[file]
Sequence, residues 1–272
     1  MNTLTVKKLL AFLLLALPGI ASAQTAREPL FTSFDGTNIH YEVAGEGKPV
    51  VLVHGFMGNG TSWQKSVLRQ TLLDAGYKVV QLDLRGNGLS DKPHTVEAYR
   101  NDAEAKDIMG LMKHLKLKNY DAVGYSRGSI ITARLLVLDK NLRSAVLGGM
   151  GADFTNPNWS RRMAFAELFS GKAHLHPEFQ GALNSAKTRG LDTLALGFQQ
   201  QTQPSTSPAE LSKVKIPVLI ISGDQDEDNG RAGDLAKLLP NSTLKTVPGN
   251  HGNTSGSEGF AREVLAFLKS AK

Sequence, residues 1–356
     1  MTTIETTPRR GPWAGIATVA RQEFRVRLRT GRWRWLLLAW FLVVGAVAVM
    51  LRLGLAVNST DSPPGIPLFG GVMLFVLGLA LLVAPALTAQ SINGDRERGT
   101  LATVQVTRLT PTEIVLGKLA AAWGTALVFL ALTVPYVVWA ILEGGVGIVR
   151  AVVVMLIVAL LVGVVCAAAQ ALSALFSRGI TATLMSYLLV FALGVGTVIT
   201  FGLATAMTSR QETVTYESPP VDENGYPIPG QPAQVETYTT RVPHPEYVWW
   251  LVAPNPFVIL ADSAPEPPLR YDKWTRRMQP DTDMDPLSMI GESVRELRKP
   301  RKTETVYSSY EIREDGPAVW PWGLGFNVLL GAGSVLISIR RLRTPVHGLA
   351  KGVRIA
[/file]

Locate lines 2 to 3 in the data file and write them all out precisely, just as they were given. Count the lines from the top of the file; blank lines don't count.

     1  MNTLTVKKLL AFLLLALPGI ASAQTAREPL FTSFDGTNIH YEVAGEGKPV
    51  VLVHGFMGNG TSWQKSVLRQ TLLDAGYKVV QLDLRGNGLS DKPHTVEAYR